“I’ve got something you’re going to want to see,” Merlin Miller said, as he entered my booth at the 2015 Huntsville Cigar Box Guitar Festival carrying a cardboard box.
Merlin has been building cigar box guitars and other homemade instruments for years. In addition to having a really cool first name (and he does have a bit of a wizardly look about him), he is also the father of Jon Miller, who is currently working on a “Strung Together” documentary on cigar box guitars and the people who build them.
Recently Merlin decided to take on a very special project, one near and dear to my own heart - he decided to build an Uncle Enos banjo, and he decided to do it by following the original plans from the late 1800’s as closely as possible.
The Uncle Enos banjo story and plans were written by Daniel Carter Beard (who later was one of the founders of the Boy Scouts), and were first published in 1884. A PDF version of the original publication, and more of the story about it, can be found in this article over at CigarBoxGuitar.com. What makes them special was that this is the first known instance of a cigar box instrument plans ever having been published.
“I probably wouldn’t have normally done that, because we have all this modern amplification and everything,” Merlin said, when I asked him how he got into cigar box guitars. “Jon bought me a book (David Sutton’s “Cigar Box Guitars”) about CBGs as a present, and I read the book and that’s what got me interested about building them in the first place. [Before that] it hadn’t even crossed my mind.”
Merlin said he decided to try his hand at these historic plans when he and son Jon were thinking about a special thank-you gift for a sponsor of the documentary project. Mark Caples of Lousy Luthiery in Texas had donated generously to the documentary fundraiser, and since he was already a cigar box guitar builder, they knew something special was called for. An exact, historically accurate Uncle Enos banjo seemed just the right thing.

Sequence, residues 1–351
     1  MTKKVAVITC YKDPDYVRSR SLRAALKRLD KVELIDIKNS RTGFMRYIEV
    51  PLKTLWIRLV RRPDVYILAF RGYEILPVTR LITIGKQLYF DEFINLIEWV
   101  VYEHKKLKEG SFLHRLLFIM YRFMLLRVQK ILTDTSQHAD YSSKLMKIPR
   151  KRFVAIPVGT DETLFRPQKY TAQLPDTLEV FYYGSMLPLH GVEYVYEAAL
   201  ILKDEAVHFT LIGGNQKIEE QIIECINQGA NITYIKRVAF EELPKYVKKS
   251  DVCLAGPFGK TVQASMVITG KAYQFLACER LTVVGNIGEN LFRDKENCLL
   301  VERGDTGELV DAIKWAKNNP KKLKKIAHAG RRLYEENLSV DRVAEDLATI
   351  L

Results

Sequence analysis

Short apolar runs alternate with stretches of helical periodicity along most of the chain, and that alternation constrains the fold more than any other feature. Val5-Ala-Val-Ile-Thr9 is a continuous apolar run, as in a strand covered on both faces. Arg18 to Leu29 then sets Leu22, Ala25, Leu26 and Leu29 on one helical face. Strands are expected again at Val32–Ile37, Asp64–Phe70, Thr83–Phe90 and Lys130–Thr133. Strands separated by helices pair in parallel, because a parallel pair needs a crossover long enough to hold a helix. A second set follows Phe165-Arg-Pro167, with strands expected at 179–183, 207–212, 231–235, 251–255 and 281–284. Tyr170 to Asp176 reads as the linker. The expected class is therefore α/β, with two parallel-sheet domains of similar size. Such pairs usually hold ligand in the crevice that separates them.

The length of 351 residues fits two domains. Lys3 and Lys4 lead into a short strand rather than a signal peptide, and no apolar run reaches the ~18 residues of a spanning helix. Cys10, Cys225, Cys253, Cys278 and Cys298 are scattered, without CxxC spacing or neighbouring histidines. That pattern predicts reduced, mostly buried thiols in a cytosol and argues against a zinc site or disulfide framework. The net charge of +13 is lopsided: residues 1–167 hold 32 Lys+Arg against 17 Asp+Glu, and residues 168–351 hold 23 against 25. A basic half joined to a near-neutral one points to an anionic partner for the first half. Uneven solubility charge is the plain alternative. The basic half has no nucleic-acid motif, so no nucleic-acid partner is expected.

The plans were written such that the banjo could be built with simple tools and materials that a boy in the late 1800’s would have easily accessible. In keeping with the written instructions, Merlin hand-carved his tuning pegs and peg holes, and used a pocketknife to shape the back of the neck, carve the bridge and other pieces.
While doubtless many people have built an instrument from these plans over the years, I haven’t heard of anyone making the effort to do so lately, or to follow them so exactly. The instrument that Merlin created looks exactly like you’d think it should: rustic, hand-made folk art, like something out of a museum. Merlin says that several people have already approached him about buying the instrument, and that he has plans to build more. For more information, contact us at Gittyfans@cbgitty.com.
Photos below courtesy of Jon Miller.
Author and Cigar Box Guitar Museum owner Bill Jehle checks out the Uncle Enos banjo. Bill wrote the book on cigar box guitar history ("One Man's Trash") and is very familiar with the Uncle Enos story.
A closeup of the back of the banjo, with the broomstick brace visible.
Merlin lets me take a spin on the banjo at the 2015 Huntsville cigar box guitar festival.